I learned on a trip to France that countries distort their history.
The French had an official exhibit on World War II in the Arc of Triumph
in Paris that did not mention other countries involved in the liberation
of France after D-Day. The display had only a big arrow ending at the
beaches of Normandy and much information about the French resistance.
An uninformed visitor might have mistakenly concluded that the French
had liberated their own country from the Nazis. I was shocked at the
French misrepresentation of their history.
A few years later, I learned on a trip to Canada that the United
States is no exception to the distortion of history. I visited a fort in
Toronto, Canada, and learned from the guide that the fort had been used
in one of the several U.S. invasions of Canada.
U.S. tourists visiting the fort gave the guide quizzical looks
because U.S. history textbooks don’t dwell on the repeatedly
unsuccessful U.S. attempts to grab Canada. In fact, U.S. history books
focus on British impressments of U.S. sailors as the cause of the
unnecessary War of 1812, but leave out that the U.S. hawks’ desire to
snatch Canada was also a major cause.
Our history of that war also focuses on the burning of Washington by
the British, but neglects to mention that the British torching of
official buildings in Washington was in retaliation for a similar U.S.
burning of Toronto.
Even Americans are a little nervous about the history of their
Mexican, Indian, and Spanish-American Wars—and they should be. In the
Mexican War, it is generally recognized that President James Polk
ordered the U.S. Army into a disputed area on the Texas-Mexican border,
which provoked a Mexican attack.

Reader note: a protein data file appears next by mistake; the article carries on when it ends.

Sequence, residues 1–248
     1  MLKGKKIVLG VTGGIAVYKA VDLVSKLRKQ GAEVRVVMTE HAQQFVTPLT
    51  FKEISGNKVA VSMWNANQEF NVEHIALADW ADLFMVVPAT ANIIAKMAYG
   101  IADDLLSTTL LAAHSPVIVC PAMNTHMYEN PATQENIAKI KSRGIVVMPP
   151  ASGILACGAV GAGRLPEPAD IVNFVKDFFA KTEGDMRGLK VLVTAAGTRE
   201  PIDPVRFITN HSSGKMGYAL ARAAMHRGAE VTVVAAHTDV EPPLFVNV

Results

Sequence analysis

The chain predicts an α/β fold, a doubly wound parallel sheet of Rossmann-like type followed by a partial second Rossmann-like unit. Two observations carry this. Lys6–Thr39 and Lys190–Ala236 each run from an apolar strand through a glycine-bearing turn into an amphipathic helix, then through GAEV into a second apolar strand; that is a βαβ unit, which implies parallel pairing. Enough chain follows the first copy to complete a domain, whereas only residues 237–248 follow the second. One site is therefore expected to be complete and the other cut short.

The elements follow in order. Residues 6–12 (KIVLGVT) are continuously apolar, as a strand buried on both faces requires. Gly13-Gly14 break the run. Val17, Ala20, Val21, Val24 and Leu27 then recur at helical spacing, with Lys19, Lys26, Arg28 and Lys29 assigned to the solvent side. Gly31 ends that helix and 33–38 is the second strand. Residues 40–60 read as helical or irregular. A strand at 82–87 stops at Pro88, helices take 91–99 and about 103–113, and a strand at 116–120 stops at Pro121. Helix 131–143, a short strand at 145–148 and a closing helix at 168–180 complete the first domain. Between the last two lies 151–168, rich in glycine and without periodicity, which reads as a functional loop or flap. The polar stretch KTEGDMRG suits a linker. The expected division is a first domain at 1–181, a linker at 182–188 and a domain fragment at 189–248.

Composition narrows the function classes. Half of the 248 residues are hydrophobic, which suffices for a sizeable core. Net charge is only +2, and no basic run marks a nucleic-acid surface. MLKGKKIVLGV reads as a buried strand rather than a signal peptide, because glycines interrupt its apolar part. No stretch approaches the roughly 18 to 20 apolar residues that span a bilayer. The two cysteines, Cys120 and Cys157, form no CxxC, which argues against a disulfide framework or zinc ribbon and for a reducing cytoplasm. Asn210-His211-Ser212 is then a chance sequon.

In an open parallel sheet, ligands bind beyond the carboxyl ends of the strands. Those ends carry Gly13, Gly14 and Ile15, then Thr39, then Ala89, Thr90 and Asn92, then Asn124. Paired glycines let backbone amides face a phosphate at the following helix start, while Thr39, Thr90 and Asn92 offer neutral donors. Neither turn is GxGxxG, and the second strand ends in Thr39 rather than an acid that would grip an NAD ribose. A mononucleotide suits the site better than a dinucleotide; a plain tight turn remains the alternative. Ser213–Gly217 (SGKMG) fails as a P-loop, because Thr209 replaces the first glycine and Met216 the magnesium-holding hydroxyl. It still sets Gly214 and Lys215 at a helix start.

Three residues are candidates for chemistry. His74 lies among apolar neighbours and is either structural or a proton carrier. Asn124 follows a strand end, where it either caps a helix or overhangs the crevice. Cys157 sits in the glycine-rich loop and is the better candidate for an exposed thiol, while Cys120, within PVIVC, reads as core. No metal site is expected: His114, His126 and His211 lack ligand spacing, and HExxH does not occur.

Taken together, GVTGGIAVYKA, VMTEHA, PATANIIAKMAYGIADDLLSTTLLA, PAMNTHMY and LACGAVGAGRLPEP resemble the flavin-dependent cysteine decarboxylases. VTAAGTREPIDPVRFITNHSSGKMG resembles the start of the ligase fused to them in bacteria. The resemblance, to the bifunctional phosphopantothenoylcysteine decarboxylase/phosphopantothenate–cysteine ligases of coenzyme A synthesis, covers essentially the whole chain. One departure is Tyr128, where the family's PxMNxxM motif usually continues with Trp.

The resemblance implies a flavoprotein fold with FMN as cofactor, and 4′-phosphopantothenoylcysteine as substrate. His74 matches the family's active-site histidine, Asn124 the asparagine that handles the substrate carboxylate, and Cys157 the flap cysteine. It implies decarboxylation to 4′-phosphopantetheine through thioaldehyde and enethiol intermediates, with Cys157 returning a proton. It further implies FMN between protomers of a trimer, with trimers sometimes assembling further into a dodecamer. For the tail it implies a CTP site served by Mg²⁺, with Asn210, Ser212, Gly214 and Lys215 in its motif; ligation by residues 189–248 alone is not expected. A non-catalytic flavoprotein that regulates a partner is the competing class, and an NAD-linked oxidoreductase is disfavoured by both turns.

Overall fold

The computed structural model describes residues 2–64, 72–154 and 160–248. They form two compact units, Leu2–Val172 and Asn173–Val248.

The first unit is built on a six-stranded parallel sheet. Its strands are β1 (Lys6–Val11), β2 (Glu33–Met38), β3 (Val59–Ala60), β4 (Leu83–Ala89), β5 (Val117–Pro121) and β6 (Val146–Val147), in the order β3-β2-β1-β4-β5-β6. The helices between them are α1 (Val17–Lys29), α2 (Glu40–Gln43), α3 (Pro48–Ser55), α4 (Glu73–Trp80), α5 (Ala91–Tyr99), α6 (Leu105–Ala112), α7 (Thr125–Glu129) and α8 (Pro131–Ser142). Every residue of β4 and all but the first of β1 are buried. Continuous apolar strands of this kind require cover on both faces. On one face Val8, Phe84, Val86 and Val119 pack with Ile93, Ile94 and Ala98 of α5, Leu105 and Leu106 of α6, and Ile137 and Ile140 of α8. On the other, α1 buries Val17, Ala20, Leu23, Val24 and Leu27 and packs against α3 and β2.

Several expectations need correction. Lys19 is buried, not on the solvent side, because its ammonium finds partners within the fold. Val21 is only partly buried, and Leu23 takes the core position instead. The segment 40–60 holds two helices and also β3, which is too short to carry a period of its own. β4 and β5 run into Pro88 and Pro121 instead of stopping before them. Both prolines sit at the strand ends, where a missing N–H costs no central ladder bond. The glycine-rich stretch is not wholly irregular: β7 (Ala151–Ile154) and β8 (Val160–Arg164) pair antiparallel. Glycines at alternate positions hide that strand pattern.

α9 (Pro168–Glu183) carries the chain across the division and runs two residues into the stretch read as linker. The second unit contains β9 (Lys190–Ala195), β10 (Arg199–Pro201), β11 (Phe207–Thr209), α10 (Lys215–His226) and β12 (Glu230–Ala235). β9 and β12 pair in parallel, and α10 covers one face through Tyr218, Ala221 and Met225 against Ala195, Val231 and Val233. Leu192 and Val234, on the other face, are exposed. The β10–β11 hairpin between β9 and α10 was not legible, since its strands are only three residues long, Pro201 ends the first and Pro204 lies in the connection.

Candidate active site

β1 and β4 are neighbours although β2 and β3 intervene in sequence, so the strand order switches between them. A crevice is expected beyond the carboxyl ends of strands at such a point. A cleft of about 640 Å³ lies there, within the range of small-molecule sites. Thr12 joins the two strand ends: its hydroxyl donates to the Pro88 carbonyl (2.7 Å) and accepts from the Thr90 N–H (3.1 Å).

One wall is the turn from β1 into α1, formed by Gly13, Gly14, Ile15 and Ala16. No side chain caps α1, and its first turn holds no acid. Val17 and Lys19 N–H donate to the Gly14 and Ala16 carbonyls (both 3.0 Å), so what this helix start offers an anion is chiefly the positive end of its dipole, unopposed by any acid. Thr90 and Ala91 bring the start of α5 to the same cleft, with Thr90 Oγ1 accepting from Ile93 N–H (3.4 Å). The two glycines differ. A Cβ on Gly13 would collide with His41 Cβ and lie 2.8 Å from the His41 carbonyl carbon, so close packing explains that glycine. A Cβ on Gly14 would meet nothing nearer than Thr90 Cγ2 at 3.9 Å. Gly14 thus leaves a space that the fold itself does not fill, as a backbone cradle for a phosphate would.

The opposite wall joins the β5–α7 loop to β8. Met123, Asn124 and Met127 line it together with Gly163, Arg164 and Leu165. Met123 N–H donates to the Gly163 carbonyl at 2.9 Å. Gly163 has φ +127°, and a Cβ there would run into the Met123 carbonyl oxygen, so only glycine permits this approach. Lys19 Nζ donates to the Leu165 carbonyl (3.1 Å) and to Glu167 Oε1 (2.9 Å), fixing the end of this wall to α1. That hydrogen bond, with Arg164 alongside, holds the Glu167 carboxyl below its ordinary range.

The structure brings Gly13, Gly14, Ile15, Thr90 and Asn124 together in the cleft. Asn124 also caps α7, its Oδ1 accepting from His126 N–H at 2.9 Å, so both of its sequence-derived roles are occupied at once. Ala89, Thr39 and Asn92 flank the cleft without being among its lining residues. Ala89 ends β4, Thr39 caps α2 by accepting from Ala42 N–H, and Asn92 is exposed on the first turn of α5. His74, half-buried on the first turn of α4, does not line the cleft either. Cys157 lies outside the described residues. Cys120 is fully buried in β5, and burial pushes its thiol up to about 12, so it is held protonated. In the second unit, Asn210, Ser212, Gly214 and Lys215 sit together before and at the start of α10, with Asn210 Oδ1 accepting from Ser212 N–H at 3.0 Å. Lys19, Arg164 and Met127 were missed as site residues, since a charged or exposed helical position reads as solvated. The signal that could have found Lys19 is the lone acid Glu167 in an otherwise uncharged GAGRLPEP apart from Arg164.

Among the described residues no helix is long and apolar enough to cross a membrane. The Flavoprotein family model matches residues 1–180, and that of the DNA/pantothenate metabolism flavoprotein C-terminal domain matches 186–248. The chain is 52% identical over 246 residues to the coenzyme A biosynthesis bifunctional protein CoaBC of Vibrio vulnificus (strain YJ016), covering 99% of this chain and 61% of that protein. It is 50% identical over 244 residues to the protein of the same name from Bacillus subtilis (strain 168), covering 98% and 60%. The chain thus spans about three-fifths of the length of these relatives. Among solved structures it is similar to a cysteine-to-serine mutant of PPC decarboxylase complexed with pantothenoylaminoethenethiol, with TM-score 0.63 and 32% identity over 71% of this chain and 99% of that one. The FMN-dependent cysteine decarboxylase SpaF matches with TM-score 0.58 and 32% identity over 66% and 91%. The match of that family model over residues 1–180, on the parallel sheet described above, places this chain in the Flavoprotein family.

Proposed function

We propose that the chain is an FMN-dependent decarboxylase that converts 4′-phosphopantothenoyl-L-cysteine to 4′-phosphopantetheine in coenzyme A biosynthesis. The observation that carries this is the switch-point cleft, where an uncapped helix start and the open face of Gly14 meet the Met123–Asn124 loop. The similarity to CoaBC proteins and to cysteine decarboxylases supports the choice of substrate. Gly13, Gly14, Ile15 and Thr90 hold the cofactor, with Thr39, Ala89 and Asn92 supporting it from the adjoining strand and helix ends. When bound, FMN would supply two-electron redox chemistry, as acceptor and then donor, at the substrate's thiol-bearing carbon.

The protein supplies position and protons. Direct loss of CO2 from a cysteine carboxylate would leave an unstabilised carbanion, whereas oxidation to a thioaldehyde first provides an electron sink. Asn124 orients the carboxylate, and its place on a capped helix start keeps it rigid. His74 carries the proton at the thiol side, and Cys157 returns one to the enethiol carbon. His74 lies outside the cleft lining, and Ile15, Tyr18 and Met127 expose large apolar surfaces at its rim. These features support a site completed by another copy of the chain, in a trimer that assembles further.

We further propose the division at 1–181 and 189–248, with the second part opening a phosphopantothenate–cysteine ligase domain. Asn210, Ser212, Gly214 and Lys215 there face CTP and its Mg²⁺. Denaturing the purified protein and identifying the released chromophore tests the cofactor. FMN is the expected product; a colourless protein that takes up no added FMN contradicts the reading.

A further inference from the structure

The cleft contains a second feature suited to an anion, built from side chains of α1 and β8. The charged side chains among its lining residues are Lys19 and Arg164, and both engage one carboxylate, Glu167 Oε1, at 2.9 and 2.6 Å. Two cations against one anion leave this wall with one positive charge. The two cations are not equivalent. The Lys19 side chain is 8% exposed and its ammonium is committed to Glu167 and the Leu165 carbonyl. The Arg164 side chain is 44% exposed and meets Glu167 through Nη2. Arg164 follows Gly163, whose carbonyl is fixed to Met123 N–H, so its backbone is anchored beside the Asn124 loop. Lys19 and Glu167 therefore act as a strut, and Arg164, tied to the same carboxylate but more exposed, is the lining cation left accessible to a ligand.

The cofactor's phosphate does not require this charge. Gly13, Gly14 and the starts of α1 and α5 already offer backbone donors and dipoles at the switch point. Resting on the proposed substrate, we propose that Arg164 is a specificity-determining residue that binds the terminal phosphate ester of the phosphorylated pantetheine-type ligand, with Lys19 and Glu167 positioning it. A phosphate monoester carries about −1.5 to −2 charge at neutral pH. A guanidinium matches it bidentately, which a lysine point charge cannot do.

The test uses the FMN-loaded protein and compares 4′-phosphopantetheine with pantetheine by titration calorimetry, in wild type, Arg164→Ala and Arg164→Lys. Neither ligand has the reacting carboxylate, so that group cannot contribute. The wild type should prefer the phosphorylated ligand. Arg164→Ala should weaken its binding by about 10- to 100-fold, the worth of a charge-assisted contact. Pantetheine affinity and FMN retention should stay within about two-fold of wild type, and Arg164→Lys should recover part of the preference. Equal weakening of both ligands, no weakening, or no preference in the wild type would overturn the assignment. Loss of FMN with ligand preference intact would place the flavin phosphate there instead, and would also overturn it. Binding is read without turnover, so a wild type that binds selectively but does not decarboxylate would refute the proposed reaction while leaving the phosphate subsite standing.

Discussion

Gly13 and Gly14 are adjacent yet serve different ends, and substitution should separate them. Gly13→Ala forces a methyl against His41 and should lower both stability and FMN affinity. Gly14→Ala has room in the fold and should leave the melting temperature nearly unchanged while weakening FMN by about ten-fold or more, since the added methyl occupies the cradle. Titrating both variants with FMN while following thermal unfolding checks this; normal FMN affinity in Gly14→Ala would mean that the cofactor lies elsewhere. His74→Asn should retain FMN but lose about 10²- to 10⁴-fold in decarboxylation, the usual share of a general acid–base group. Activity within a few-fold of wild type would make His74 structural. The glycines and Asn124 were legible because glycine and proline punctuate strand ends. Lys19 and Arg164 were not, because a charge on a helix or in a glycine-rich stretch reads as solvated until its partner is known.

What is not acknowledged is that even before the Mexican attack, the
U.S. Army initially blocked the Rio Grande River. Blockades are
considered an international act of war.
In the Indian Wars, brutal ethnic cleansing was conducted to grab
land. The villages of the weak were burned and the tribes slaughtered.
The Spanish-American War was ostensibly fought to liberate Cubans
from Spanish rule, but instead resulted in the first U.S. colonial
possessions and 200,000 Philippine deaths, some by very brutal U.S.
The U.S. Civil War and World War II, however, have Holy Grail status
in the American history books. Every school child learns that the Civil
War was fought to liberate the slaves, even though President Abraham
Lincoln cared more about quashing the Southern rebellion than freeing
In fact, the war, still the most bloody in U.S. history, caused
nearly a million casualties (three percent of the U.S. population), but
only nominally freed the slaves, leaving most of them working under the
same squalid conditions for the same masters.
Instead of re-supplying Fort Sumter, which his military advisors had
advised him to abandon and which he was fairly certain would ignite a
war, Lincoln could have negotiated a settlement or simply divided the
country himself and refused to return escaped slaves, thus severely
undermining slavery in the South.
Even in the wake of this cataclysmic war, blacks did not escape Jim
Crow laws, an extension of slavery, until the 1960s. Yet such a bloody
war for so little gain goes unquestioned.